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BMC Med Res Methodol. 2001;1:7. Epub 2001 Sep 3.

Incomplete evidence: the inadequacy of databases in tracing published adverse drug reactions in clinical trials.

Author information

  • 1Department of Clinical Pharmacology, University of Oxford, Radcliffe Infirmary, Oxford, OX2 6HE, United Kingdom. sheena.derry@clinpharm.ox.ac.uk

Abstract

BACKGROUND:

We would expect information on adverse drug reactions in randomised clinical trials to be easily retrievable from specific searches of electronic databases. However, complete retrieval of such information may not be straightforward, for two reasons. First, not all clinical drug trials provide data on the frequency of adverse effects. Secondly, not all electronic records of trials include terms in the abstract or indexing fields that enable us to select those with adverse effects data. We have determined how often automated search methods, using indexing terms and/or textwords in the title or abstract, would fail to retrieve trials with adverse effects data.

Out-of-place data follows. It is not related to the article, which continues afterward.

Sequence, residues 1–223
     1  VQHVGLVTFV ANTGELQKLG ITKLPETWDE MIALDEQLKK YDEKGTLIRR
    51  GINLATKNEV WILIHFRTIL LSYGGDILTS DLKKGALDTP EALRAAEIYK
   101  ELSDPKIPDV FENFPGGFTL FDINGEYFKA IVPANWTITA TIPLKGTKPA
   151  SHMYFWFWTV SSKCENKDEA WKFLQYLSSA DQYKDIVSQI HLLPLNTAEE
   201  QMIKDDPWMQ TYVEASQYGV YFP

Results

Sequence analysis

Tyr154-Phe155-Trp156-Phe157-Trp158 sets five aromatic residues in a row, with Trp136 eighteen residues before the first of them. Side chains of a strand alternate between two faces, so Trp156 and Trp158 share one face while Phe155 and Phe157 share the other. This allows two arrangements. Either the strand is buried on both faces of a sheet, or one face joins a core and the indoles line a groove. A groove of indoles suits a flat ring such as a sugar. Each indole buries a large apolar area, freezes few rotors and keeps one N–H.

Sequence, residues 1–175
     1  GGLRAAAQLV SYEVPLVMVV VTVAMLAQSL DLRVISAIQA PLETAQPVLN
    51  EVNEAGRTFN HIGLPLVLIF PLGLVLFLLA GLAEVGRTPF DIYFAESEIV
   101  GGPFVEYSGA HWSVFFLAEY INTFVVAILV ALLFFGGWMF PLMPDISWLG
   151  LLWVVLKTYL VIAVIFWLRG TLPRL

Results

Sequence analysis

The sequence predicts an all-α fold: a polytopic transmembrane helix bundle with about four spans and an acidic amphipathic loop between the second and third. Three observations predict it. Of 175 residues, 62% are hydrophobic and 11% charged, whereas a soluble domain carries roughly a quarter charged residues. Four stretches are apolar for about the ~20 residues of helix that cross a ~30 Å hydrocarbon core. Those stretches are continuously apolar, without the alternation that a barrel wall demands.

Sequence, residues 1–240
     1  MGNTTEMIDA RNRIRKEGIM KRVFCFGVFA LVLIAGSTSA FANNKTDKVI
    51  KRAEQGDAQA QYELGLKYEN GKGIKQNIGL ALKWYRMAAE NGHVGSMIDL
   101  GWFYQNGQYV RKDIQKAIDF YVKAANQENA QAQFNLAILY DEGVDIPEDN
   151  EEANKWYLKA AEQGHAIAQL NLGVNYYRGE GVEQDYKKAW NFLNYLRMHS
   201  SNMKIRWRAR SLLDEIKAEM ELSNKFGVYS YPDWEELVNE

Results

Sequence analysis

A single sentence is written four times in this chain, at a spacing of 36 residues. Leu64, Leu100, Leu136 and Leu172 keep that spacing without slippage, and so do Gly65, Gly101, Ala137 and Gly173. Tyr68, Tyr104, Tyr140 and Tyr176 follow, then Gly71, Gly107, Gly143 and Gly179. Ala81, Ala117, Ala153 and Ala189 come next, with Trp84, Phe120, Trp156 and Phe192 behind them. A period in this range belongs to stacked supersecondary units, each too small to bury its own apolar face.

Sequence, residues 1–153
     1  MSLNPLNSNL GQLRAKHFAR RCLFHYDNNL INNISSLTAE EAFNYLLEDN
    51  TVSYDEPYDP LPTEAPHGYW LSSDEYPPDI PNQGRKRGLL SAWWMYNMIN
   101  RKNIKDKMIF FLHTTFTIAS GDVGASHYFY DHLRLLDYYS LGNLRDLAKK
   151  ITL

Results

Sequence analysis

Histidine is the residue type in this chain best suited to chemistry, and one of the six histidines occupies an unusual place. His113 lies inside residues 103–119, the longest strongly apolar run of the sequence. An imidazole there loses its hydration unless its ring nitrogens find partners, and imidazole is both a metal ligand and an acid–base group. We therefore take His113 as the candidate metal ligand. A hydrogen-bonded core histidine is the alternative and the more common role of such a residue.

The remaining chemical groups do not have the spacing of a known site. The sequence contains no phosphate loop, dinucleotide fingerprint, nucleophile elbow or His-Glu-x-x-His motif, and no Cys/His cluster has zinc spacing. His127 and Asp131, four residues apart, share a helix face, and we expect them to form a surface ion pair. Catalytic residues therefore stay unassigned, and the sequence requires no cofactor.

METHODS:

We used a sample set of 107 trials known to report frequencies of adverse drug effects, and measured the proportion that (i) were not assigned the appropriate adverse effects indexing terms in the electronic databases, and (ii) did not contain identifiable adverse effects textwords in the title or abstract.

RESULTS:

Of the 81 trials with records on both MEDLINE and EMBASE, 25 were not indexed for adverse effects in either database. Twenty-six trials were indexed in one database but not the other. Only 66 of the 107 trials reporting adverse effects data mentioned this in the abstract or title of the paper. Simultaneous use of textword and indexing terms retrieved only 82/107 (77%) papers.

CONCLUSIONS:

Specific search strategies based on adverse effects textwords and indexing terms will fail to identify nearly a quarter of trials that report on the rate of drug adverse effects.

PMID:
11591220
[PubMed - indexed for MEDLINE]
PMCID:
PMC57741
Free PMC Article

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